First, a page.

Function[edit]

The MT-ATP8 gene encodes a subunit of mitochondrial ATP synthase, located within the thylakoid membrane and the inner mitochondrial membrane. Mitochondrial ATP synthase catalyzes ATP synthesis, utilizing an electrochemical gradient of protons across the inner membrane during oxidative phosphorylation.[6] The Fo region causes rotation of F1, which has a water-soluble component that hydrolyzes ATP and together, the F1Fo creates a pathway for movement of protons across the membrane.[7]

This protein subunit appears to be an integral component of the stator stalk in yeast mitochondrial F-ATPases.[8] The stator stalk is anchored in the membrane, and acts to prevent futile rotation of the ATPase subunits relative to the rotor during coupled ATP synthesis/hydrolysis. This subunit may have an analogous function in Metazoa.

Nomenclature[edit]

The nomenclature of the enzyme has a long history. The F1 fraction derives its name from the term "Fraction 1" and Fo (written as a subscript letter "o", not "zero") derives its name from being the binding fraction for oligomycin, a type of naturally-derived antibiotic that is able to inhibit the Fo unit of ATP synthase.[9][10] The Fo region of ATP synthase is a proton pore that is embedded in the mitochondrial membrane. It consists of three main subunits A, B, and C, and (in humans) six additional subunits, d, e, f, g, MT-ATP6 (or F6), and MT-ATP8 (or A6L). 3D structure of E. coli homologue of this subunit was modeled based on electron microscopy data (chain M of PDB: 1c17​). It forms a transmembrane 4-α-bundle.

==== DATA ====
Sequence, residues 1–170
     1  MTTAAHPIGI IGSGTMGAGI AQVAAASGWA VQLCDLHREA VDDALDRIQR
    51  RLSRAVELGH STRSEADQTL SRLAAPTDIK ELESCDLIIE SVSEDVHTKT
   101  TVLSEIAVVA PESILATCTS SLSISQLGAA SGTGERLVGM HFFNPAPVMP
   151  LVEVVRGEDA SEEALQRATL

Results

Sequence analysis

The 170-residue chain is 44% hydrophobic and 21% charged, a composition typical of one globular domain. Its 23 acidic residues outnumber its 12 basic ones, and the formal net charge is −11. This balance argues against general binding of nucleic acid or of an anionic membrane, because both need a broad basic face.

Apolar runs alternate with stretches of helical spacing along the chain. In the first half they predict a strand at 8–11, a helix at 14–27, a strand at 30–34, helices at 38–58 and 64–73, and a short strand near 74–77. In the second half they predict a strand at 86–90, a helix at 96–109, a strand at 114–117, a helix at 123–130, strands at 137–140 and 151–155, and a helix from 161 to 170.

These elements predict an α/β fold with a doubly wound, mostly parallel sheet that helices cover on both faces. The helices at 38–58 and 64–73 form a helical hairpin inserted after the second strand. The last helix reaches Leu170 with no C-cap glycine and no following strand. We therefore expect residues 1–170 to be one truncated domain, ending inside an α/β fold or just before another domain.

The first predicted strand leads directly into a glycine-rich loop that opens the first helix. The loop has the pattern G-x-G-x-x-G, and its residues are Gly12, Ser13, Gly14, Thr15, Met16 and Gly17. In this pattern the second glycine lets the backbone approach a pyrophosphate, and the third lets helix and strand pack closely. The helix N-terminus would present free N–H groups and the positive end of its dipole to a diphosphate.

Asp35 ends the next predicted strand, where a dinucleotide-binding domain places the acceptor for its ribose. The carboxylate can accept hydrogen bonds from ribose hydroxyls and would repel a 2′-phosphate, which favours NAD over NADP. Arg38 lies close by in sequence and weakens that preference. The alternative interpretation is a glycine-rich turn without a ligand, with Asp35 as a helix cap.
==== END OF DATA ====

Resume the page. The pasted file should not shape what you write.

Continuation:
Clinical Significance[edit]

Mutations to MT-ATP8 and other genes affecting oxidative phosphorylation in the mitochondria have been associated with a variety of neurodegenerative and cardiovascular disorders, including mitochondrial complex V deficiency, Leber's hereditary optic neuropathy (LHON), mitochondrial encephalomyopathy with stroke-like episodes (MELAS), Leigh syndrome, and NARP syndrome. Most of the body's cells contain thousands of mitochondria, each with one or more copies of mitochondrial DNA. The severity of some mitochondrial disorders is associated with the percentage of mitochondria in each cell that has a particular genetic change. People with Leigh syndrome due to a MT-ATP6 gene mutation tend to have a very high percentage of mitochondria with the mutation (from more than 90 percent to 95 percent). The less-severe features of NARP result from a lower percentage of mitochondria with the mutation, typically 70 percent to 90 percent. Because these two conditions result from the same genetic changes and can occur in different members of a single family, researchers believe that they may represent a spectrum of overlapping features instead of two distinct syndromes.[3]

Mitochondrial complex V deficiency presents with heterogeneous clinical manifestations including neuropathy, ataxia, hypertrophic cardiomyopathy. Hypertrophic cardiomyopathy can present with negligible to extreme hypertrophy, minimal to extensive fibrosis and myocyte disarray, absent to severe left ventricular outflow tract obstruction, and distinct septal contours/morphologies with extremely varying clinical course.[11][12]